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Capturing Van Gogh’s vision “At Eternity’s Gate”


Willem Dafoe as Vincent Van Gogh in an Oscar nominated performance for “At Eternity’s Gate.” (Courtesy of Lionsgate Home Entertainment)


Blu-ray and Digital copy; 2018; PG-13 for some thematic content; streaming via Amazon Video/Prime, FandangoNOW, Google Play, iTunes, Vudu, YouTube

Best extra: Commentary by Director/Co-Writer/Co-Editor Julian Schnabel and Co-Writer/Co-Editor Louise Kugelberg

VINCENT VAN GOGH has inspired several filmmakers over the years. In 1956, Vincente Minnelli and George Cukor co-directed “Lust for Life,” which starred Kirk Douglas as the troubled painter, with Anthony Quinn as Van Gogh’s on-and-off friend, the artist Paul Gaugin. In 1990, Van Gogh was portrayed twice cinematically; once in Robert Altman’s “Vincent and Theo,” featuring Tim Roth as Vincent; and in a vignette of Akira Kurosawa’s “Dreams,” the Japanese master cast Martin Scorsese as the artist, appearing inside one of his own paintings.

Now, contemporary painter/filmmaker Julian Schnabel (“Basquiat”; “The Diving Bell and the Butterfly”; “Before Night Falls”) gives us Willem Dafoe as Vincent in an Oscar nominated performance for “At Eternity’s Gate.” Schnabel lends his artist’s sensibility to the final few years of Van Gogh’s life when he was increasingly tormented by mental illness while compulsively creating expressionistic paintings his beloved brother Theo (Rupert Friend), an art dealer, was unable to sell. Co-stars include Oscar Isaac as Gauguin, with Mads Mikkelsen, Mathieu Amalric, Emmanuelle Seigner, Schnabel’s daughter Stella, and a cameo by French actress Isabelle Huppert’s lookalike daughter.

“At Eternity’s Gate” is a luscious treat for both film and art lovers, who will thrill at seeing Van Gogh’s most iconic paintings come to life onscreen.

Oscar Isaac as Gauguin meets Van Gogh.


This Lionsgate Blu-ray looks gorgeous (2.39:1 aspect ratio), with intensely saturated color, excellent period and fine detail, and the occasional deliberate distortion when showing Van Gogh’s skewed visuals of the world. Skin tones are true and the depth of field is impressive. The soundtrack is also very good, with a minimalist piano score by Tatiana Lisovskaya, and clear dialogue in both English and French (with subtitles).


The set includes three brief featurettes: “Made by a Painter,” “Channeling Van Gogh” and “Vision and Van Gogh.” Schnabel and Kugelberg (who is now the third Mrs. Schnabel) provide an interesting commentary, with the majority spoken by the director, who spends a bit too much time describing what we’re seeing on screen. He notes that the film begins with a black screen, which recurs over the course of the film, and is usually paired with Dafoe’s voiceover as Vincent. Schnabel says he did this because he “wanted the audience to feel close to Vincent … as if you’re in his head.”

Regarding casting, Schnabel says he “always knew Dafoe was right for Van Gogh.” Kugelberg, whose Swedish accent can make it difficult to understand her, and whom Schnabel identifies as an “architectural designer and interior architect,” explains that in the scene where Vincent is doing a painting of his shoes, Dafoe (who “learned how to hold a brush” for the film) made a lot of the strokes himself – “with help from Julian.” Schnabel says he wanted to “go against clichés” when it came to depicting the south of France, where Van Gogh spent the latter part of his life.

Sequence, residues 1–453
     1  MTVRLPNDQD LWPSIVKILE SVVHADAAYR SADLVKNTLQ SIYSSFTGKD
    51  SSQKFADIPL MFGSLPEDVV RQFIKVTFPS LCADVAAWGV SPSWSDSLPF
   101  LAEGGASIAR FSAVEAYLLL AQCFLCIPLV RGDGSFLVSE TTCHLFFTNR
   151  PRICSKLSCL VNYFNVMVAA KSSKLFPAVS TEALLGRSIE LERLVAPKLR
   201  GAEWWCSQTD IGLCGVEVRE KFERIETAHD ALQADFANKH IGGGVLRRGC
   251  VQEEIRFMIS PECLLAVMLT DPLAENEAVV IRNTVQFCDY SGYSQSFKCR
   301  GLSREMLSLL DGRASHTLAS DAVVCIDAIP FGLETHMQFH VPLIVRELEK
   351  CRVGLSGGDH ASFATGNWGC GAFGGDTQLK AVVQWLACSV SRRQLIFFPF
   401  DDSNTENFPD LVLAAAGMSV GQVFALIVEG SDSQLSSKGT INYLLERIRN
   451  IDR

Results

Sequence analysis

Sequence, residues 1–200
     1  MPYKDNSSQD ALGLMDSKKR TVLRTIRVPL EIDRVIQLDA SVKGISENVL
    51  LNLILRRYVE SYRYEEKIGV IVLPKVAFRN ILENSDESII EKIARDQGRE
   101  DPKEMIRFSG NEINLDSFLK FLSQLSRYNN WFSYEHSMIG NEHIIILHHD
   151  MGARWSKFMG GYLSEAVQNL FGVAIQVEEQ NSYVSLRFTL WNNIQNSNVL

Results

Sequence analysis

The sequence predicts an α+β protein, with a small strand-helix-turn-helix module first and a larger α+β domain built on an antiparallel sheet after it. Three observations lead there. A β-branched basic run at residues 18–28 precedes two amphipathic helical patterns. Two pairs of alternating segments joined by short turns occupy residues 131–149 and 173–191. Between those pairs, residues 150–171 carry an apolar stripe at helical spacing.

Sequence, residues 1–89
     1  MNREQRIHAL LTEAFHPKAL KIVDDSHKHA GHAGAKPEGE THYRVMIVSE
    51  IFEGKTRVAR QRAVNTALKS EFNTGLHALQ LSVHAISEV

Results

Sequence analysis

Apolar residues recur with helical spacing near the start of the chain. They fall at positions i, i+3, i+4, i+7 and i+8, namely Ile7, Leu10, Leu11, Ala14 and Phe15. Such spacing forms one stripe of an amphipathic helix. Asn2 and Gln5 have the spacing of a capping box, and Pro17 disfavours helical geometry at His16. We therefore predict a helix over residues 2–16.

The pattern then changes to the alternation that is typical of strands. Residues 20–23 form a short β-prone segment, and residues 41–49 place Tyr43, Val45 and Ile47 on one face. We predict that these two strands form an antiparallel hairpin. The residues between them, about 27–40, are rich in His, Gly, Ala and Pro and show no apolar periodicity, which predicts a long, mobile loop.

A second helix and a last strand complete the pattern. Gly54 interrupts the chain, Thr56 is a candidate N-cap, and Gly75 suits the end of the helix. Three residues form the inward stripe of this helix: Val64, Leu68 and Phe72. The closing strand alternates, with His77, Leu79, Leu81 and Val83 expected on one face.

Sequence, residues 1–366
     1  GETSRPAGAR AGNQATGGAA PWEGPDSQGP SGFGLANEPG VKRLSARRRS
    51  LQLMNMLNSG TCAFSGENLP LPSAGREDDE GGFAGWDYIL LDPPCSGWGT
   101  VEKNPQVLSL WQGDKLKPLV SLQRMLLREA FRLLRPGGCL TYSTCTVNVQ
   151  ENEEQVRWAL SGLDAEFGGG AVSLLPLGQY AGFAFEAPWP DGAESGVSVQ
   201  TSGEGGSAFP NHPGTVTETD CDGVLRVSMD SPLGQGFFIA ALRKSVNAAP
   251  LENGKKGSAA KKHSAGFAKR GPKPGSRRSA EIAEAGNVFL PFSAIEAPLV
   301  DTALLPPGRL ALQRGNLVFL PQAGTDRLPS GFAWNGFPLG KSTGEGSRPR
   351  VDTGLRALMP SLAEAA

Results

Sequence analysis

Cinematographer Benoît Delhomme wore Dafoe/Vincent’s shoes while filming his feet to represent the artist “walking through the seasons.” Schnabel says that during the shoot, he and Kugelberg would continually change the script, as well as repainting and redecorating sets, “because I’m a painter and Louise is an interior architect.” Schnabel explains the use of the split diopter on the camera lens, which made the bottom of the screen a bit blurry to suggest Vincent’s disturbed state of mind – something Schnabel got the idea for, he notes in one of the featurettes, when he accidentally bought a pair of bifocal sunglasses. Schnabel compliments his daughter’s acting skills. She plays a French housekeeper and manages a very believable accented English – “She’s a good actress,” her dad brags.

As for Dafoe’s screen work, Schnabel’s praise elevates: “I don’t think Willem is making believe at any time in this movie … It’s an incarnation, not a performance.” Schnabel points to the discovery in 2016 of a book with 65 drawings by Van Gogh as providing “a great story for the movie,” which shows Vincent filling a ledger with his pen and ink sketches and how it’s left on a shelf and forgotten. In the scenes where Vincent is sketching, Schnabel put his right arm into Dafoe’s shirtsleeve, so it looked as though the actor was holding the pen.

In the location scenes at the asylum in St. Remy, actual psychiatric patients were cast, which clearly “affected Willem and Rupert’s performances,” says Schnabel. Some of the dialogue spoken by Vincent came from his correspondence; the rest was invented by Schnabel and the third co-writer, Jean-Claude Carrière.

For another location shot, Schnabel declares, “If they know who you are, they’ll let you shoot in the Louvre!” By filming extreme close-ups of master paintings, Schnabel hoped to show that “up close, all paintings look abstract.” He adds, “A reason to do this movie was to teach people to close the chasm between painting and seeing … as well as to do what Van Gogh wanted to do: show the world the way he saw it … his vision.”

— Peggy Earle




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